In the middle of the Ocean

Somewhere between Tristan da Cunha and St. Helena, in the middle of the Atlantic Ocean. I’m on deck, hoping for some birds or marine mammals, but only occasionally seeing a flying fish or two. Suddenly someone calls out, something is seen in the ocean! I quickly grab my camera, locate what is seen and take a picture.

Plastic water bottle in the ocean

Right, a plastic water bottle, floating in the ocean. In the middle of the ocean. I lower my camera and have a seat again. A little later a large styrofoam box drifts by. Two years ago I saw several Northern Gannets slightly further north, next to the West African Coast with fishing ropes attached to their bills. And that’s only what we can see. Most of the plastic has degraded to small pieces and are now part of the food chain. Our food chain. Microplastics have been found already in sea salt bottles sold in shops in Europe, America and Asia. So part of this plastic bottle might end up on your dinner plate. And if not, it takes on average 450 years for a plastic water bottle to decompose completely.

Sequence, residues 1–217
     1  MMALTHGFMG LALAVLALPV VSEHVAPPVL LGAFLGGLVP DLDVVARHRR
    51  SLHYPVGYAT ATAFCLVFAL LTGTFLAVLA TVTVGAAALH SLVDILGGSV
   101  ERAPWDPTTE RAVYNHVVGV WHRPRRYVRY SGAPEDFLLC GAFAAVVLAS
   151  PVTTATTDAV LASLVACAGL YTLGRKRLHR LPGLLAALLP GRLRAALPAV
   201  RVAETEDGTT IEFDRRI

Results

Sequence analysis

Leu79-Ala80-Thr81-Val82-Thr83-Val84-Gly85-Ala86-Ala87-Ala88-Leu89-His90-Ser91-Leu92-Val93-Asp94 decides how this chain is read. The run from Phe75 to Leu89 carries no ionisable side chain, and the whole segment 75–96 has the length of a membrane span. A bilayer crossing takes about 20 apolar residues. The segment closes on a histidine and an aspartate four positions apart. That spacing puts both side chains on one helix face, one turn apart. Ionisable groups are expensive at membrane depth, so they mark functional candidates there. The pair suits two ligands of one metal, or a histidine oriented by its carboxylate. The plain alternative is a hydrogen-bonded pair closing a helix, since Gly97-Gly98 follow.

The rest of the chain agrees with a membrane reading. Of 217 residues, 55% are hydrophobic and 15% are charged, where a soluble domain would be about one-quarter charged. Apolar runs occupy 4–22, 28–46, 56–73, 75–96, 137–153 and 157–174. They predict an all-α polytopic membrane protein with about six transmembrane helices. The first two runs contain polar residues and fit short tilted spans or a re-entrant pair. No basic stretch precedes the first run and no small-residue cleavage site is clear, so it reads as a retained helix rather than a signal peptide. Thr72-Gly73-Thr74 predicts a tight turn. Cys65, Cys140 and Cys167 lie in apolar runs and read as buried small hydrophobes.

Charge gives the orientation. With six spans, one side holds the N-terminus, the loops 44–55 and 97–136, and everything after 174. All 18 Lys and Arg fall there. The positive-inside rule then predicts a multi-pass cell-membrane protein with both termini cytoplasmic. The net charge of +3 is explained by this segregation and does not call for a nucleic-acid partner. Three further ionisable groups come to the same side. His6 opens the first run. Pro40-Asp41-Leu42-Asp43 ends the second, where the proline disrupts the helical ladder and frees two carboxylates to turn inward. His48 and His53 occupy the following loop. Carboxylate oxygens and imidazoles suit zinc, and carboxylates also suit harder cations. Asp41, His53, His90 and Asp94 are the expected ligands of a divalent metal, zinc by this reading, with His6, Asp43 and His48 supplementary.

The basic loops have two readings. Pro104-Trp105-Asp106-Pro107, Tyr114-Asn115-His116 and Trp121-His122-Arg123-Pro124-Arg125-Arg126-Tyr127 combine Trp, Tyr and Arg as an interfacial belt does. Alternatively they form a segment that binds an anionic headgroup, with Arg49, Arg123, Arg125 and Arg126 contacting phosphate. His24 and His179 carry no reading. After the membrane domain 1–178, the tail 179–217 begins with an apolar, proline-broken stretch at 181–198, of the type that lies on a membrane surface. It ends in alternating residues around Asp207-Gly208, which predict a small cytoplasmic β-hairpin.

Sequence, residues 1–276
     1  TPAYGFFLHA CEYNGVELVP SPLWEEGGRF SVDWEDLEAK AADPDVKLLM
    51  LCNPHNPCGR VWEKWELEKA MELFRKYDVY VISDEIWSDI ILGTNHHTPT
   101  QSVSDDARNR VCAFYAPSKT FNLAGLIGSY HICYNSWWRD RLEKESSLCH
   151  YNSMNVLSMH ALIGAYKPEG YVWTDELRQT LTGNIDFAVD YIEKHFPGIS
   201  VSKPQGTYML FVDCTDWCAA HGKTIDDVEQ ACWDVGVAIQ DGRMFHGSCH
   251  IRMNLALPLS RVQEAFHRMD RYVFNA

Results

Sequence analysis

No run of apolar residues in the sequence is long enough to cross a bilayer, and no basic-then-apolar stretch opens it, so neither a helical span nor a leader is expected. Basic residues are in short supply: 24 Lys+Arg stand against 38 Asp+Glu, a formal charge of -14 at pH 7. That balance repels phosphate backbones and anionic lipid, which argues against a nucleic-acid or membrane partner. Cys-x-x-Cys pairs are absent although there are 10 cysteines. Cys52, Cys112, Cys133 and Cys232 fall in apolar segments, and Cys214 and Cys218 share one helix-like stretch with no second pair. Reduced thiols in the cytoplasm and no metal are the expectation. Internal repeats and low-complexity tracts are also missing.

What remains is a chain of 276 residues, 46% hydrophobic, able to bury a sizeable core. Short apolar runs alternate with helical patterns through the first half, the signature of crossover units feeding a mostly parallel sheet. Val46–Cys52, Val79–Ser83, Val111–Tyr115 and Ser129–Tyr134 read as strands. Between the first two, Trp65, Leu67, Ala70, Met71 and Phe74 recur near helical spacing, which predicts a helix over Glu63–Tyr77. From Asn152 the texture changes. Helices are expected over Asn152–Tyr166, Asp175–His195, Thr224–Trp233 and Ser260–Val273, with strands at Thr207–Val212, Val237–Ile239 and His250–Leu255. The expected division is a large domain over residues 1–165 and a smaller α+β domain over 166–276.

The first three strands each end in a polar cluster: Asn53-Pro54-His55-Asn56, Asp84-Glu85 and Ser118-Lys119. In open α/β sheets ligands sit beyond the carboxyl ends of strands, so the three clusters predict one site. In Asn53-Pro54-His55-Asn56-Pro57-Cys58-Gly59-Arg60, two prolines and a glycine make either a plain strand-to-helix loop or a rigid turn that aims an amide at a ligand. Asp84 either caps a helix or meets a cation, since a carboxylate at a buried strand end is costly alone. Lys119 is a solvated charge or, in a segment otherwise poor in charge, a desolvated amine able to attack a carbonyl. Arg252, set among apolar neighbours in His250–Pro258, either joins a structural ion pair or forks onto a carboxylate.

Polar Bear cubs playing with a plastic water bottle

Today is World Environment Day, a day to look at the way we treat our planet. Our only planet, we still haven’t found a backup. So maybe it’s time to think about the way we treat her, not only for the sake of the planet but also for our own sake. I’m delighted that the company I work for, Oceanwide Expeditions, is trying hard to get rid of its single-use plastics on board. No single-use plastic water bottles any longer, but solid, reusable ones that can be refilled with the water stations on the ship. And the use of plastic straws is also reduced (and soon there will be no plastic straws onboard anymore). Small steps, maybe, but all these little steps made by many individuals will together make a big leap.


Will you join as well?

Arjen Drost

Arjen is a Polar ecologist, nature photographer and full time expedition guide on expedition cruise ships in both Polar regions. With his pictures and stories he likes to show the beauty of these very fragile and threatened places.

Submit a comment

Fill in your details below or click an icon to log in: Logo

You are commenting using your account. Log Out /  Change )

Twitter picture

You are commenting using your Twitter account. Log Out /  Change )

Facebook photo

You are commenting using your Facebook account. Log Out /  Change )

Connecting to %s